|Barked: Mon Feb 9, '09 7:57am PST |
|FEBRUARY 9, 2009 - RABBIT FEVER
I have never heard of Tularemia, Rabbit Fever, so in case you haven't either, I am passing along these educational articles on the subject. Especially important for doggers who are lucky enough to chase prey and those unlucky enough to get ticks and fleas from wildlife.
Tularemia (Rabbit Fever) in Dogs
Veterinary Services Department, Drs. Foster & Smith, Inc.
Holly Nash, DVM, MS
Tularemia is a relatively rare bacterial disease of birds, animals, and people and is found throughout the Northern Hemisphere. It is also called 'rabbit fever.' What causes tularemia? Tularemia is caused by Francisella tularensis. There are two strains of this bacteria. Type A generally causes a more severe disease in people. Type B has a more complex life cycle than Type A. How is F. tularensis transmitted? In North America, F. tularensis is spread from animal to animal by four different ticks: Dermacentor andersoni, D. variabilis, D. occidentalis, and Amblyomma americanum. Ticks become infected through feeding on infected animals or birds and can transmit the bacteria to another animal any time during the tick's life cycle (2 years). Fleas, like ticks, can transmit tularemia because of their feeding habits. Dogs and cats can also become infected by eating infected rabbits or rodents. What are the symptoms of tularemia in pets? Dogs appear to be fairly resistant to the disease and the only symptoms may be loss of appetite, listlessness, and a low fever. Cats are more susceptible and may develop high fevers and swollen lymph nodes. Puppies and kittens are usually more severely affected than older animals. How is tularemia diagnosed? A blood test which tests for the animal's antibodies (proteins produced to fight off the infection) to F. tularensis is available. The antibodies may not be detected in the early phase of the disease since it takes some time for the body to make them. As the disease progresses, the antibody level will rise. Being able to grow F. tularensis in the laboratory from discharges or tissues from the affected animal is the sure way to diagnose the disease. How is tularemia treated? The best antibiotic to use to treat tularemia in dogs has not been determined. In people gentamicin and streptomycin are used. Newer antibiotics such as enrofloxacin (Baytril) and ciprofloxacin may be effective. How is tularemia prevented? As with other diseases transmitted by fleas or ticks, flea control and tick control are the foundations of prevention. Products which repel and kill ticks and fleas such as those containing permethrins (Bio Spot-Spot On for Dogs and K9 Advantix) are good choices for dogs. For dogs, tick collars containing the active ingredient amitraz are also used, sometimes in conjunction permethrin-containing products in those areas with high tick infestations. Restricting dogs from killing, eating, or coming into contact with dead rodents and rabbits is also important. What are the important points to remember about tularemia in people? People usually develop a lesion at the site of the tick bite which is called an 'indolent ulcer.' Enlarged lymph nodes are a common sign. If the bacteria was ingested (by eating undercooked rabbit, or off of unwashed hands after handling an infected rabbit), intestinal pain, vomiting, and diarrhea can occur. The time from the exposure to the bacteria, either through ingestion or a tick bite, until symptoms occur is generally 3 days. It is important to note that F. tularensis can live in frozen rabbit meat for over 3 years.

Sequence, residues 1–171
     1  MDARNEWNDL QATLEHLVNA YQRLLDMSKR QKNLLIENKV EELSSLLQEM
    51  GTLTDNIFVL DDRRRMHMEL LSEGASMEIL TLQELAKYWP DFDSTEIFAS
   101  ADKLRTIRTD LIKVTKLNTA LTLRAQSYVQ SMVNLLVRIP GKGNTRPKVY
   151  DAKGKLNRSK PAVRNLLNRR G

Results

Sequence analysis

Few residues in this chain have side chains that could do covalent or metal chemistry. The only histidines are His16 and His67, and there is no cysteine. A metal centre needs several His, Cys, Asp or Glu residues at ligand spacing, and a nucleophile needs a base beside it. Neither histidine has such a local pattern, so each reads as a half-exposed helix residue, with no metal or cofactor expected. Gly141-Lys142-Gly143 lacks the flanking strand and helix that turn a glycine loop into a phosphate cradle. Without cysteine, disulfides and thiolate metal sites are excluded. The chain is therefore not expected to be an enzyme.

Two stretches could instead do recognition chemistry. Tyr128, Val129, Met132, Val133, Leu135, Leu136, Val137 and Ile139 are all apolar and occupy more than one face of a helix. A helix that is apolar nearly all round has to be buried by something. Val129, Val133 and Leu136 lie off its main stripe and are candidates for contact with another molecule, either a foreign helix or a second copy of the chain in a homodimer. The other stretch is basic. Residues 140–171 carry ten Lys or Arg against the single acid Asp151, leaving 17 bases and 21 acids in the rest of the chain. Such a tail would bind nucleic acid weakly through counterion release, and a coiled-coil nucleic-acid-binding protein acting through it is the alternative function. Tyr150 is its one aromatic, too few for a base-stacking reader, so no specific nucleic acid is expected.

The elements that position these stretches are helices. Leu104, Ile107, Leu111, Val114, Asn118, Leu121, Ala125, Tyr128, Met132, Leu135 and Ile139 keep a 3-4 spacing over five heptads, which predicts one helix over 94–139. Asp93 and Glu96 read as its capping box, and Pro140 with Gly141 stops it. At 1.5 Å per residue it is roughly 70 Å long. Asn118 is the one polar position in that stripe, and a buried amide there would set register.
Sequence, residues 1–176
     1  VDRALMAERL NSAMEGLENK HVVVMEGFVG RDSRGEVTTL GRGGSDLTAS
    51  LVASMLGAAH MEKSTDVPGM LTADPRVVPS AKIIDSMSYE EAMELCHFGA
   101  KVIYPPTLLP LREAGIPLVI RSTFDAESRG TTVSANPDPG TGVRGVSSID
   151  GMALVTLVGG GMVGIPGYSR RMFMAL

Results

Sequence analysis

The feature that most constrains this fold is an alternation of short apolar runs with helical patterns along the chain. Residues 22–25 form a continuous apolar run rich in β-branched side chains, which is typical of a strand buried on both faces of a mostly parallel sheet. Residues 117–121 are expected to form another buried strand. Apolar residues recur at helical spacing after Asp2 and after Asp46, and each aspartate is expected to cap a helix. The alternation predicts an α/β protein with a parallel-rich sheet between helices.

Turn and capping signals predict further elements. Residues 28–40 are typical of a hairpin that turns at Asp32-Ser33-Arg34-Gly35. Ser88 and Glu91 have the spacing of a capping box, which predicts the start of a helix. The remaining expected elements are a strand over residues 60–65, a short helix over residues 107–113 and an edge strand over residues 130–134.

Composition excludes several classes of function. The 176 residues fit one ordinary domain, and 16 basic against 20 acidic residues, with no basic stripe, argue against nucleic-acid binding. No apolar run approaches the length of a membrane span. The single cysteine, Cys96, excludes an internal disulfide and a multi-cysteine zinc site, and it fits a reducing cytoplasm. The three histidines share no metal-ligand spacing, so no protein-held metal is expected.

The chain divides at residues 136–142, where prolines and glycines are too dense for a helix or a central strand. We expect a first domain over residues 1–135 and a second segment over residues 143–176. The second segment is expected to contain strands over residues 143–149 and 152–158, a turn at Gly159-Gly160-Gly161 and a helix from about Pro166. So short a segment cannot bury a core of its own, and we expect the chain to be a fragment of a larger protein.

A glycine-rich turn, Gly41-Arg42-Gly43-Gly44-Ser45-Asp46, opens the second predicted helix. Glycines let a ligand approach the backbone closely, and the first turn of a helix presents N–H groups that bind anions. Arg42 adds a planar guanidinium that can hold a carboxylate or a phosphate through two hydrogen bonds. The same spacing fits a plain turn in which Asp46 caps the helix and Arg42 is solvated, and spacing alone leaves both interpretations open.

From the government of Kentucky:
Division of Epidemiology
275 E. Main St.
Frankfort, KY 40621
(502) 564-3418 or 3261
What is Tularemia?
Tularemia is a zoonotic bacterial disease occurring in both animals and man. It is caused by the bacteria Francisella tularensis and is most commonly associated with rabbits.
How is Tularemia spread?
People may become infected with Tularemia from the bite of infected ticks of several species, including the wood tick, dog tick and the lone star tick, and less commonly from bites from flies or mosquitoes. People also may be infected from handling the carcasses of infected animals, from eating improperly cooked meat from infected animals, from contaminated water sources, and from inhalation of dust from contaminated soil, hay or grain. On rare occasions a person may be infected from the bite wound of an animal that has a contaminated mouth from eating an animal that had tularemia.
Who is at risk?
Hunters are more at risk in the winter months if they handle the carcasses of infected animals and in the summer, children and people who spend a lot of time in areas that may have tick infestations.
The Symptoms of Tularemia
Tularemia most often presents with an ulcer at the site where the bacteria entered the body and regional swelling of lymph nodes; there may only be lymph node enlargement. Ingestion of the organism produces a sore throat, abdominal pain, diarrhea and vomiting. Inhalation of the bacteria may produce a lung infection or primary septicemia (blood poisoning). Other rare forms of the disease also occur.Symptoms develop within 1 to 14 days, usually within 3-5 days.
How is Tularemia diagnosed and treated?
Diagnosis is based on clinical symptoms and confirmed through laboratory tests. Specific antibiotics prescribed by a physician. Long term immunity follows recovery, but reinfection has been reported.
How can Tularemia be prevented?
Avoid bites of ticks, flies, and mosquitoes.
Avoid drinking, bathing, swimming or working in untreated water.
Wear rubber gloves when skinning or handling animals, especially rabbits.
Thoroughly cook meat of rabbits and wild rodents before eating.
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